The combination of graphic design utilizing high resolution images printed at ultra high line screen values defines the photo quality printing process.
When designing for photo quality printing, graphic designers and printers start with high resolution images of 2400 dpi or higher. Traditional full color non-photo quality printing is done from images of 1200 dpi or less. Photo quality printing requires images to contain the most amount of color information possible. The high resolution images used in photo quality printing is saved in a CMYK file format to best utilize either the commercial printing process or inkjet printing photo quality output capabilities. CMYK dots of Cyan (blue), Magenta (red), Yellow, and Black are placed next to each other in specific patterns that trick the eye into seeing millions of colors. Photo quality inkjet printing transfers 4 or more toner colors to the substrate in a single cycle through the printer. In photo quality commercial printing each color of ink is applied separately.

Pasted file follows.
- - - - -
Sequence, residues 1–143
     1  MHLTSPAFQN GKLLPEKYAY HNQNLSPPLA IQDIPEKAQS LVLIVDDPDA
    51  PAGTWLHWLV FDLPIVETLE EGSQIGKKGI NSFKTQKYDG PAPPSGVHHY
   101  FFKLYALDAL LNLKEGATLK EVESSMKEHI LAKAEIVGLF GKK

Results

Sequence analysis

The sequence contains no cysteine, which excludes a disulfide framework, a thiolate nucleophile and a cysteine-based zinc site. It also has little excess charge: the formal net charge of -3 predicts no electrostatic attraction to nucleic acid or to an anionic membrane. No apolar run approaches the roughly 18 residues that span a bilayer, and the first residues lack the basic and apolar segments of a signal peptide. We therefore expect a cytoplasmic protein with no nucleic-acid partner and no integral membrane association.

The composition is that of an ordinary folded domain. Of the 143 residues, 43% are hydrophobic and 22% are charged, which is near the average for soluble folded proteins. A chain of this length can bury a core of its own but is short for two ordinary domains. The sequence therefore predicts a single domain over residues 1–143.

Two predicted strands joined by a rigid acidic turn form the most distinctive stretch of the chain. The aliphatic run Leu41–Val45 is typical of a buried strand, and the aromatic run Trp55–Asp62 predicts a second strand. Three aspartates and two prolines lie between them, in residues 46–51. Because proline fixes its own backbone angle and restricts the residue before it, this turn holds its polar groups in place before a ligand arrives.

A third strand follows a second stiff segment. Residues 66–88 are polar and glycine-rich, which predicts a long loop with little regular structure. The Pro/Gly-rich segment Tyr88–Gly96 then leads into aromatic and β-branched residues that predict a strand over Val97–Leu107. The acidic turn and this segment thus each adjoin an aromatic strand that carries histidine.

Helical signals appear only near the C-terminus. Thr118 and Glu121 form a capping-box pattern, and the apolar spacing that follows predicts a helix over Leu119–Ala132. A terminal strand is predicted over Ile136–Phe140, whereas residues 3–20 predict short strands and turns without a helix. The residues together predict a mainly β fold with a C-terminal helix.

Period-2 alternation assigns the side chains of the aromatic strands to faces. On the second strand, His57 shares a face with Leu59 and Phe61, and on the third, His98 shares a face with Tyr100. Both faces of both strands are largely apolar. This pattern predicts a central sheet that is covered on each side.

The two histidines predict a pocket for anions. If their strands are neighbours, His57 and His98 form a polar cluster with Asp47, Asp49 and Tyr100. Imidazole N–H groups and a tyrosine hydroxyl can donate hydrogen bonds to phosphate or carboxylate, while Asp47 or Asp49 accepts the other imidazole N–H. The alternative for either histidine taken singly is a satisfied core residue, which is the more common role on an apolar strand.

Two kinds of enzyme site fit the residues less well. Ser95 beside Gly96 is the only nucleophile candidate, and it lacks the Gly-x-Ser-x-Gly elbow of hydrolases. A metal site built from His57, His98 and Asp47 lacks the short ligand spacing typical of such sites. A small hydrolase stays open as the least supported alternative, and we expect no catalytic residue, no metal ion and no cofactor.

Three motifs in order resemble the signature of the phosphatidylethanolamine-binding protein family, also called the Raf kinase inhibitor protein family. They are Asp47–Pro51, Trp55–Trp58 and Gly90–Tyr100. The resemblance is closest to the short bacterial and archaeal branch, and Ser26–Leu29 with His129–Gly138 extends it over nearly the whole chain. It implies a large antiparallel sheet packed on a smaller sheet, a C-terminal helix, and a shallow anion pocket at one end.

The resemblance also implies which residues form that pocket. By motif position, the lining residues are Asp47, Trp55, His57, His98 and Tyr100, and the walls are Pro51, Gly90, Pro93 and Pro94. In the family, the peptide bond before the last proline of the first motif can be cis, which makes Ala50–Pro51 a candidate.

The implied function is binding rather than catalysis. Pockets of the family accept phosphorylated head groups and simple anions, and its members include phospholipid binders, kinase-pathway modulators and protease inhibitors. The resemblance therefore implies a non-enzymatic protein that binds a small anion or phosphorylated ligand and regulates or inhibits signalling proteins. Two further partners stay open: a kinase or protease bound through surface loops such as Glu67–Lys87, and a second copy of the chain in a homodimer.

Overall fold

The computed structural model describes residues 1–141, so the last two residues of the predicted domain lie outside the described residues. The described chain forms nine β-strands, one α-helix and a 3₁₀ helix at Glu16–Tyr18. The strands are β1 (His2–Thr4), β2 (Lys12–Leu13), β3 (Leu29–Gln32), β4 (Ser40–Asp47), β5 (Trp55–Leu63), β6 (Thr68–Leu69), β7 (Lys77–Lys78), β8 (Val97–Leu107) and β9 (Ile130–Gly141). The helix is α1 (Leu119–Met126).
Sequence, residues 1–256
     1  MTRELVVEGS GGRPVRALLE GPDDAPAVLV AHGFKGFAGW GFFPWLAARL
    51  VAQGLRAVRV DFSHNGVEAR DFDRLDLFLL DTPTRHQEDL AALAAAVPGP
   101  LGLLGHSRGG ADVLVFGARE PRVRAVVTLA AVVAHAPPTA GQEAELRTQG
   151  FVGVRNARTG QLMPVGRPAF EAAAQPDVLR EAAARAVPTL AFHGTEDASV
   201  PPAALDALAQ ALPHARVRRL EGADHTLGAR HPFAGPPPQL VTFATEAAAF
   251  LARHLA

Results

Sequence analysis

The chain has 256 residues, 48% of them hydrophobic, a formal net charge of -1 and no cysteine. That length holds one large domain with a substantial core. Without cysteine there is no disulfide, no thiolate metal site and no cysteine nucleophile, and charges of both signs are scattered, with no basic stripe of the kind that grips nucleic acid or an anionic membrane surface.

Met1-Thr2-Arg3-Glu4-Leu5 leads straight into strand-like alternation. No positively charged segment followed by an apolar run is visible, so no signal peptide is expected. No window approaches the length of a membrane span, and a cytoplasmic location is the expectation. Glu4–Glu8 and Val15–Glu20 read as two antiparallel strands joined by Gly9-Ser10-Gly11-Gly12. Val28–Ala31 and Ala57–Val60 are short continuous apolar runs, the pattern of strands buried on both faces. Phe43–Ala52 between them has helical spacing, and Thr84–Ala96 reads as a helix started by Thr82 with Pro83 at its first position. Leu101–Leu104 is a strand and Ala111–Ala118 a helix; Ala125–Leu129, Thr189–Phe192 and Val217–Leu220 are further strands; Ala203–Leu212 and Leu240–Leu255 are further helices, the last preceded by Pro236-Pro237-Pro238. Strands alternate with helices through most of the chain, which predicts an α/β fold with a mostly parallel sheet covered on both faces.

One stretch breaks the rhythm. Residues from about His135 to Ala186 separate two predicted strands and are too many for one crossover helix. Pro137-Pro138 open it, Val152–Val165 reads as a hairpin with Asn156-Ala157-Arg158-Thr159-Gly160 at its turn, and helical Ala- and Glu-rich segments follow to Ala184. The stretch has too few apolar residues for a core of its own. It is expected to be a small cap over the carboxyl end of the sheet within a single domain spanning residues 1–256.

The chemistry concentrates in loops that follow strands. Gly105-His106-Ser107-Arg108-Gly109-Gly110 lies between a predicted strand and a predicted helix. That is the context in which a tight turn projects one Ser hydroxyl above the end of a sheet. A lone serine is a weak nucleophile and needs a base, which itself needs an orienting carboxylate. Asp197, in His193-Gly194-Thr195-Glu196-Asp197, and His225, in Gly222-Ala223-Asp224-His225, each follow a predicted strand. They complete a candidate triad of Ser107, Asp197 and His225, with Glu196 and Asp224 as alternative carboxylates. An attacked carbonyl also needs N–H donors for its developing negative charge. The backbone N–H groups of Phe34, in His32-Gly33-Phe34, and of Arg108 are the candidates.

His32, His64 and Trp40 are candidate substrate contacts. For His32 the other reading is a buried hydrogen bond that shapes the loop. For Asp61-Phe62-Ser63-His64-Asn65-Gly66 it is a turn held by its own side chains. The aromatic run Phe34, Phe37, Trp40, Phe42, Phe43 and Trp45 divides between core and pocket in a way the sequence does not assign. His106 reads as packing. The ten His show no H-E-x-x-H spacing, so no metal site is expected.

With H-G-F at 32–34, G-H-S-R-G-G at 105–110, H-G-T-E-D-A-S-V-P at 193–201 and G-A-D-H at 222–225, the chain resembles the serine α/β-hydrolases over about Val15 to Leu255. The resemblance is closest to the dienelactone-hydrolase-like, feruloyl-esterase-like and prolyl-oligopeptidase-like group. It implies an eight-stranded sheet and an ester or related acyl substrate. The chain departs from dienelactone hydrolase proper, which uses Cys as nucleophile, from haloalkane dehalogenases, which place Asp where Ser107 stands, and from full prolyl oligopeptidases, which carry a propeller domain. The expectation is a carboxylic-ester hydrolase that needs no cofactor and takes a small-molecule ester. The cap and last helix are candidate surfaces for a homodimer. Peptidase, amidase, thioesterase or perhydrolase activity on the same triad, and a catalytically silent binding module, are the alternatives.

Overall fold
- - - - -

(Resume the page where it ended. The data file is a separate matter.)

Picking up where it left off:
The high resolution photos are printed (or output) at a line screen value of 1200 lines per inch. Traditional full color printing is done at a line screen ranging from 300 to 600 lpi. The resulting photo quality output is apparent to the naked eye and by using a micrometer. The output includes more dots of ink or toner within each square inch output - and - truer color values and hues due to the greater amount of color information stored in the high resolution image or artwork file.
Commercial photo quality printing uses a web or sheet fed press that may consist of multiple units. The file to be printed is imaged directly onto a drum on the press or onto photographic printing plates. The drum or plates transfer ink to the paper. Photo quality printing on a desktop printer usually uses some type of inkjet or laser printer. The inkjet printer has ink cartridges that place the ink directly on the paper. These are self-contained units connected to a computer through cables.